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Alpha fetoprotein (AFP) is a protein normally produced by the liver and yolk sac of a developing baby during pregnancy. AFP levels decrease soon after birth. AFP probably has no normal function in adults.
A test can be done to measure the amount of AFP in your blood.
See also: Quadruple screen
Fetal alpha globulin; AFP
How the test is performed
A blood sample is needed. For information on how this is done, see: Venipuncture
How to prepare for the test
There is no special preparation.
How the test will feel
When the needle is inserted to draw blood, some people feel moderate pain, while others feel only a prick or stinging sensation. Afterward, there may be some throbbing.
Why the test is performed
Your doctor may order this test to:
- Screen for problems in the baby during pregnancy
- Diagnose certain liver disorders
- Screen for and monitor some cancers
During pregnancy, this AFP test can be done along with amniocentesis to help detect spina bifida or other birth defects in the developing baby.
The normal values in males or nonpregnant females is generally less than 40 micrograms/liter.
The examples above are common measurements for results of these tests. Normal value ranges may vary slightly among different laboratories. Some labs use different measurements or test different samples. Talk to your doctor about the meaning of your specific test results.
What abnormal results mean
Greater than normal levels of AFP may be due to:
During pregnancy, abnormal levels of AFP (as part of a quadruple screen) may be due to:
- Birth defects, including:
- Genetic disorders, including Down syndrome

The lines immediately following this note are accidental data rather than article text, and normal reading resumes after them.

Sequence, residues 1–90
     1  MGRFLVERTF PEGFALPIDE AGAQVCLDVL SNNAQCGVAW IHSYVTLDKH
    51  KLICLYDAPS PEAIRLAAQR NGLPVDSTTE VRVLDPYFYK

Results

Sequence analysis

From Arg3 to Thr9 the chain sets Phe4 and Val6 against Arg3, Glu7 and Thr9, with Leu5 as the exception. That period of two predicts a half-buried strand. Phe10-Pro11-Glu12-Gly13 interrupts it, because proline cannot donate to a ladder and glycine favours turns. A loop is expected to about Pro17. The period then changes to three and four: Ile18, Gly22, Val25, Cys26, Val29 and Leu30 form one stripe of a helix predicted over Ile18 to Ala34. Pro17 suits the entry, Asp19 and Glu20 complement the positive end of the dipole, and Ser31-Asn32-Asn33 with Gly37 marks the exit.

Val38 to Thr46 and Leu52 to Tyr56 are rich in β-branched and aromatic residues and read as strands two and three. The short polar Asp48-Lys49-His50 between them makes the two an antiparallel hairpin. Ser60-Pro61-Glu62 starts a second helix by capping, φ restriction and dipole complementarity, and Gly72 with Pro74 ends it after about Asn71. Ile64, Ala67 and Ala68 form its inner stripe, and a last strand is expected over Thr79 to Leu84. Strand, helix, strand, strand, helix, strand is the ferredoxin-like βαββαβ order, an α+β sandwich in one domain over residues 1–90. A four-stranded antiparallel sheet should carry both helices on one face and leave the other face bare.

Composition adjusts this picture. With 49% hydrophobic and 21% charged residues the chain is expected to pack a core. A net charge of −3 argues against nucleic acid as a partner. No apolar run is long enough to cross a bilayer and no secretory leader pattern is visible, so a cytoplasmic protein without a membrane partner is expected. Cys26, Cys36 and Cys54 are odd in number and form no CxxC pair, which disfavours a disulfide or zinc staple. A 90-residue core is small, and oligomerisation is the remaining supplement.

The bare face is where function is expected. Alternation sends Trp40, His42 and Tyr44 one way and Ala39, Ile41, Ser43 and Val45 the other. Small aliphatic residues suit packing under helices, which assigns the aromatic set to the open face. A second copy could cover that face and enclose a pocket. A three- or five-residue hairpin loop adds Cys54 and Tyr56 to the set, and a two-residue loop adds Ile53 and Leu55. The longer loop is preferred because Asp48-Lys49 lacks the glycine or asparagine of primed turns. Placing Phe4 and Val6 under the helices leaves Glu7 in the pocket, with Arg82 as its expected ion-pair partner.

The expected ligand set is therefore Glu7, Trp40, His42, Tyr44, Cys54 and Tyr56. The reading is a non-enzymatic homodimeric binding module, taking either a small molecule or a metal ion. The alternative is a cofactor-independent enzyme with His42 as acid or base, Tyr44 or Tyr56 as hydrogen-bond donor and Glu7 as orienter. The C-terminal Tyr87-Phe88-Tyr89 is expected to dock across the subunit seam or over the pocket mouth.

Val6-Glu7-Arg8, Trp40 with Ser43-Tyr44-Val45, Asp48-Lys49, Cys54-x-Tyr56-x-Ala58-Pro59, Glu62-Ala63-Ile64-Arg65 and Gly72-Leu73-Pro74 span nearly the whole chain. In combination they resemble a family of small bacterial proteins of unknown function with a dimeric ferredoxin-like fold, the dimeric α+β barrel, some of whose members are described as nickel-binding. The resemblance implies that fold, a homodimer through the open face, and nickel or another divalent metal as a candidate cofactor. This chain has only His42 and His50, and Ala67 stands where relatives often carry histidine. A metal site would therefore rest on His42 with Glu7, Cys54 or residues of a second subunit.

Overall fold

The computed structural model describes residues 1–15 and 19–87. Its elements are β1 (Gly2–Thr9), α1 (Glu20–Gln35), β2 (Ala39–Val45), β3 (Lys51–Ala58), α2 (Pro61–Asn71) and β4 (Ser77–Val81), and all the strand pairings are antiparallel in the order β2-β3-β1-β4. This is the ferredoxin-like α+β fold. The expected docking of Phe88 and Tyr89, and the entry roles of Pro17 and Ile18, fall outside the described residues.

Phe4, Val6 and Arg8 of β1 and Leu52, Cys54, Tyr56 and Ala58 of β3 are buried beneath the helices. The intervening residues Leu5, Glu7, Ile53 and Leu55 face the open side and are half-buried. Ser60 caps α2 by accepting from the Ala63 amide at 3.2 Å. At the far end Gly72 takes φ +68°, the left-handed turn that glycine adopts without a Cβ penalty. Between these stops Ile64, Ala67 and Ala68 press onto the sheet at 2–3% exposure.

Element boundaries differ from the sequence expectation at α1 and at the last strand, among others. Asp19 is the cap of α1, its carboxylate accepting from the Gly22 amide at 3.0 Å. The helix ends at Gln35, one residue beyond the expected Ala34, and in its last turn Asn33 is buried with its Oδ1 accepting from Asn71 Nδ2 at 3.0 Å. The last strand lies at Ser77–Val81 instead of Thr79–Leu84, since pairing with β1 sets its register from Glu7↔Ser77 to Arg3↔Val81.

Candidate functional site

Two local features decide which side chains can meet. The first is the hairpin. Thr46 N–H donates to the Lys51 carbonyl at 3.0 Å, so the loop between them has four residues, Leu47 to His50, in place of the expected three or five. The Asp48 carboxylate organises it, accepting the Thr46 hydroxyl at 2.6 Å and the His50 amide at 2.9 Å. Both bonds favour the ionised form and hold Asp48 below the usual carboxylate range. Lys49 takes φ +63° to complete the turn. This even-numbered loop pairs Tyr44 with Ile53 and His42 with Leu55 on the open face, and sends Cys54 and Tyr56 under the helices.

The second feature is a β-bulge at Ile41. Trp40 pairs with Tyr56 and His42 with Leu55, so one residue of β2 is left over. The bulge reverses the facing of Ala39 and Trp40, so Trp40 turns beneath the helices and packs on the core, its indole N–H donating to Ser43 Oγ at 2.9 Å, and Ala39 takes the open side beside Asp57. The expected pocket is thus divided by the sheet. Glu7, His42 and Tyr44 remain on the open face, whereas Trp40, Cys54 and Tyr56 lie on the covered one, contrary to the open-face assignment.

- Inaccurate due date
- Intrauterine death (usually results in a miscarriage)
- Multiple pregnancy (twins, triplets, etc.)
What the risks are
Veins and arteries vary in size from one patient to another and from one side of the body to the other. Obtaining a blood sample from some people may be more difficult than from others.
Other risks associated with having blood drawn are slight but may include:
- Excessive bleeding
- Fainting or feeling lightheaded
- Hematoma (blood accumulating under the skin)
- Infection (a slight risk any time the skin is broken)
Simpson JL, Otaño L. Prenatal genetic diagnosis. In: Gabbe SG, Niebyl JR, Simpson JL, eds. Obstetrics: Normal and Problem Pregnancies. 5th ed. Philadelphia, Pa: Elsevier Churchill Livingstone; 2007:chap 7.
Lee P, Pincus MR, McPherson RA. Diagnosis and management of cancer using serologic tumor markers. In: McPherson RA, Pincus MR, eds. Henry's Clinical Diagnosis and Management by Laboratory Methods. 21st ed. Philadelphia, Pa: Saunders Elsevier; 2006:chap 74.
Cunningham FG, Leveno KJ, Bloom SL, et al. Prenatal diagnosis and fetal therapy. In: Cunningham FG, Leveno KL, Bloom SL, et al, eds. Williams Obstetrics. 23rd ed. New York, NY: McGraw-Hill; 2010:chap 13.
- Last reviewed on 9/12/2011
- Linda J. Vorvick, MD, Medical Director, MEDEX Northwest Division of Physician Assistant Studies, University of Washington, School of Medicine; and Susan Storck, MD, FACOG, Chief, Eastside Department of Obstetrics and Gynecology, Group Health Cooperative of Puget Sound, Redmond, Washington; Clinical Teaching Faculty, Department of Obstetrics and Gynecology, University of Washington School of Medicine. Also reviewed by David Zieve, MD, MHA, Medical Director, A.D.A.M., Inc.
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This page was last updated: May 20, 2014